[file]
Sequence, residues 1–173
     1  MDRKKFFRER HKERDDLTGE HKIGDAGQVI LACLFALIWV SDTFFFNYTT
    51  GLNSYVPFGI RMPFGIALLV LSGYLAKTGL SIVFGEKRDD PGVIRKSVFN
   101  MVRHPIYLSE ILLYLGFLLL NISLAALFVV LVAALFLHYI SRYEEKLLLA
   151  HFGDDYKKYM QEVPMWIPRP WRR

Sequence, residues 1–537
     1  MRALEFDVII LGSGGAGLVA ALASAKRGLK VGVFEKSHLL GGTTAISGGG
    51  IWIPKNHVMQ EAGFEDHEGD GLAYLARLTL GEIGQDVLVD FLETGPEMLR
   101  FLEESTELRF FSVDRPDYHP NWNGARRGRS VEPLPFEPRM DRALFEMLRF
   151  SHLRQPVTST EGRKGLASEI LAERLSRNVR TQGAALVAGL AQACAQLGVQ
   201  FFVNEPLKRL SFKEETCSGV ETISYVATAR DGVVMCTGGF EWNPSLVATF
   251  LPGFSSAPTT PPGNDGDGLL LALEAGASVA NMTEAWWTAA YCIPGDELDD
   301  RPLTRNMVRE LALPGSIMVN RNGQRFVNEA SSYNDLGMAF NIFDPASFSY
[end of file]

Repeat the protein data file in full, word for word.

Sequence, residues 1–173
     1  MDRKKFFRER HKERDDLTGE HKIGDAGQVI LACLFALIWV SDTFFFNYTT
    51  GLNSYVPFGI RMPFGIALLV LSGYLAKTGL SIVFGEKRDD PGVIRKSVFN
   101  MVRHPIYLSE ILLYLGFLLL NISLAALFVV LVAALFLHYI SRYEEKLLLA
   151  HFGDDYKKYM QEVPMWIPRP WRR

Sequence, residues 1–537
     1  MRALEFDVII LGSGGAGLVA ALASAKRGLK VGVFEKSHLL GGTTAISGGG
    51  IWIPKNHVMQ EAGFEDHEGD GLAYLARLTL GEIGQDVLVD FLETGPEMLR
   101  FLEESTELRF FSVDRPDYHP NWNGARRGRS VEPLPFEPRM DRALFEMLRF
   151  SHLRQPVTST EGRKGLASEI LAERLSRNVR TQGAALVAGL AQACAQLGVQ
   201  FFVNEPLKRL SFKEETCSGV ETISYVATAR DGVVMCTGGF EWNPSLVATF
   251  LPGFSSAPTT PPGNDGDGLL LALEAGASVA NMTEAWWTAA YCIPGDELDD
   301  RPLTRNMVRE LALPGSIMVN RNGQRFVNEA SSYNDLGMAF NIFDPASFSY